New Delhi - Ailments such as diarrhea and pneumonia can be treated well - yet such preventable diseases still cost 15,000 children under five the lives of around the world every day. This means more than 60 million deaths in this age group by 2030, according to published today. The authors called on dozens of countries, especially in Africa, to improve health care for young children.
The UN Children's Fund Unicef, the World Health Organization (WHO) and the World Bank stated in their joint report that the number of deaths children under five have declined significantly in recent decades thanks to better health care - from 12.6 million in 1990 to an estimated 5.6 million last year. Instead of 35,000 day, 15,000 small children die every day. However, this number is still "unacceptably high", declared the organizations.
Reduce mortality rate
You referred to the UN Sustainable Development Goals. Among other things, it is planned that the under-five mortality rate will be reduced from the current 41 to 25 per 1,000 births. However, around 50 countries, particularly in Africa, lagged behind in their efforts to improve health care, criticized, and. This urgently needs to change.
The report also points to an increased proportion of newborns in the child mortality rate. This is due to the fact that care for children in the first month of life has recently improved more slowly than for children between one month and five years of age.
Pneumonia, diarrheal diseases and malaria
are the most common preventable causes of death According to the report, pneumonia, diarrhea and malaria. Malnutrition also plays role in half of the deaths, as it weakens the immune system. Dirty water and poor hygiene were also cited as factors.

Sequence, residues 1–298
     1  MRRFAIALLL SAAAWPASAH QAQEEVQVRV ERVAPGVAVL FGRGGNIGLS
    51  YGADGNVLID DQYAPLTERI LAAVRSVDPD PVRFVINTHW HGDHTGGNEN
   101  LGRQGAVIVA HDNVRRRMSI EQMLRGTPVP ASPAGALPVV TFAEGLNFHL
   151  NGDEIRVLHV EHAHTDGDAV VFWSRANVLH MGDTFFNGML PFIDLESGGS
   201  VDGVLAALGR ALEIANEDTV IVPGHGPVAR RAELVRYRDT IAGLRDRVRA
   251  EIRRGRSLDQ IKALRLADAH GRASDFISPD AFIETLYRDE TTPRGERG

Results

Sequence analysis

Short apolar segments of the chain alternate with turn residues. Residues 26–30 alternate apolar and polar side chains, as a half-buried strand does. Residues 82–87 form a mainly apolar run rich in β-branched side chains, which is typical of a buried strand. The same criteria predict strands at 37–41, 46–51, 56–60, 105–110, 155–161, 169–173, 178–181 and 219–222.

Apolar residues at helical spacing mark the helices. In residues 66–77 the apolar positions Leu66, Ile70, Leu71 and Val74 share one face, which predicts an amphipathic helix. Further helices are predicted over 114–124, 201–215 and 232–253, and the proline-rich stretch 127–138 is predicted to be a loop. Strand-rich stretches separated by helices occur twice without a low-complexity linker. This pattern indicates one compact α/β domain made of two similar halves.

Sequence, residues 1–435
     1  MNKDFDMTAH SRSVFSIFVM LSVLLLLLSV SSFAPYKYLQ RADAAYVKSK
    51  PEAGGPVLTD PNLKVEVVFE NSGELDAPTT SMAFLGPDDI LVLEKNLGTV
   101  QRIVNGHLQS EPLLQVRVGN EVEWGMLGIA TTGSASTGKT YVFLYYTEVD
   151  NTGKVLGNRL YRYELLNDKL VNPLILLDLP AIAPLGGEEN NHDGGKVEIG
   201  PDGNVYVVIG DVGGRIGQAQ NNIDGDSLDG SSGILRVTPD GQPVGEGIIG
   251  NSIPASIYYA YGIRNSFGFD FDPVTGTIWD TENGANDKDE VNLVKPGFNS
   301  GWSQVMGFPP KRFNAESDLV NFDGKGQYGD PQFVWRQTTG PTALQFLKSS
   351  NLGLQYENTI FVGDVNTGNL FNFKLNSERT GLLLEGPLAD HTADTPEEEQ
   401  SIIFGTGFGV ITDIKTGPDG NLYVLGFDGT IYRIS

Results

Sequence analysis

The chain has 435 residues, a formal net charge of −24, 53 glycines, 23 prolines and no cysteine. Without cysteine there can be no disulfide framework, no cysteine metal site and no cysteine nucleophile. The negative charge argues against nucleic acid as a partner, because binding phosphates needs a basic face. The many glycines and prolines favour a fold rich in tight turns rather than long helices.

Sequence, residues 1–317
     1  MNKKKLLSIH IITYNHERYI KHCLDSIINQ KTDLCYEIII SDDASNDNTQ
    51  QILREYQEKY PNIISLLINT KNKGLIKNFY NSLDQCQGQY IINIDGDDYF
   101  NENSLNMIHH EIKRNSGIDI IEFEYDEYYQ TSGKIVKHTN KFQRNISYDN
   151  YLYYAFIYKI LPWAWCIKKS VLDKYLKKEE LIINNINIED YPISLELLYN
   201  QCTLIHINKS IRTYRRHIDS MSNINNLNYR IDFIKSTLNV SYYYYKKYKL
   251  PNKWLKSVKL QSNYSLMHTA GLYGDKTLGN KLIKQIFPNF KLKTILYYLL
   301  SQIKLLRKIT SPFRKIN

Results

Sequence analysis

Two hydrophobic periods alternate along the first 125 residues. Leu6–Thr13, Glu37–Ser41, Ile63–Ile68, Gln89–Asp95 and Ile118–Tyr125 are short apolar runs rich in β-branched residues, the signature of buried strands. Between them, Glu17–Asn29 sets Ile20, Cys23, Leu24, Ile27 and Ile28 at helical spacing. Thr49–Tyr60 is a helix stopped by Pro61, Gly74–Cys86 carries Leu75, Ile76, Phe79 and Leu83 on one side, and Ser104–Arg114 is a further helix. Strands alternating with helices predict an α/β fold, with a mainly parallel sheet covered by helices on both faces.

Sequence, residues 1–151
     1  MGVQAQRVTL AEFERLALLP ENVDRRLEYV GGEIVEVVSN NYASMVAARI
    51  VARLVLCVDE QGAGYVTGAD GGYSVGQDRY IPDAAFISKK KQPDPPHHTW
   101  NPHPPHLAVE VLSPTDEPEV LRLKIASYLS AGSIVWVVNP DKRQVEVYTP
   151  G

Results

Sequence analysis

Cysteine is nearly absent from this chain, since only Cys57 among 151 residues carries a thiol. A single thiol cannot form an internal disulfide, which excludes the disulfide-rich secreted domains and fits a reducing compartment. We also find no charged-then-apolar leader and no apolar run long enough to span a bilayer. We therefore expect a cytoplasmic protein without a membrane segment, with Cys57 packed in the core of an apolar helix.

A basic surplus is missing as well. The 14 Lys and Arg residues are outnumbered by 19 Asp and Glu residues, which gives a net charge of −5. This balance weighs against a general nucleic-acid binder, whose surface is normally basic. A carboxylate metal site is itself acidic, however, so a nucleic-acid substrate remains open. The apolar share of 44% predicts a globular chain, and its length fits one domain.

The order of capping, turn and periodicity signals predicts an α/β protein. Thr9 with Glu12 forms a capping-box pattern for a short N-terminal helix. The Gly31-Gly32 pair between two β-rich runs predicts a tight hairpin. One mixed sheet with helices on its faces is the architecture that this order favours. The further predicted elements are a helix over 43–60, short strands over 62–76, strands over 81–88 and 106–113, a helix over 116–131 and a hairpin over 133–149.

80 percent of the deaths of children under five are concentrated in sub-Saharan Africa, according to the report. Last year, the death rate in this age group was 79 deaths per 1,000 births on average. The populous emerging country of India has the highest absolute death toll with 850,000, followed by Nigeria with 450,000.
The UN report points out also refer to gender differences in mortality rates in some countries: in some countries, especially in South and West Asia, more girls die before the age of five than in the rest of the world. In some Asian countries, male offspring are clearly preferred by their parents. Female fetuses are specifically aborted, boys are given priority in the allocation of medical treatment and food.
The aid organization called on Germany to take decisive fight against the high child mortality rate in poorer parts of the world. The new federal government must make “general health care for every child and mother priority of its global health policy”, said the managing director of Save the Children Germany, Susanna Krüger, today in Berlin.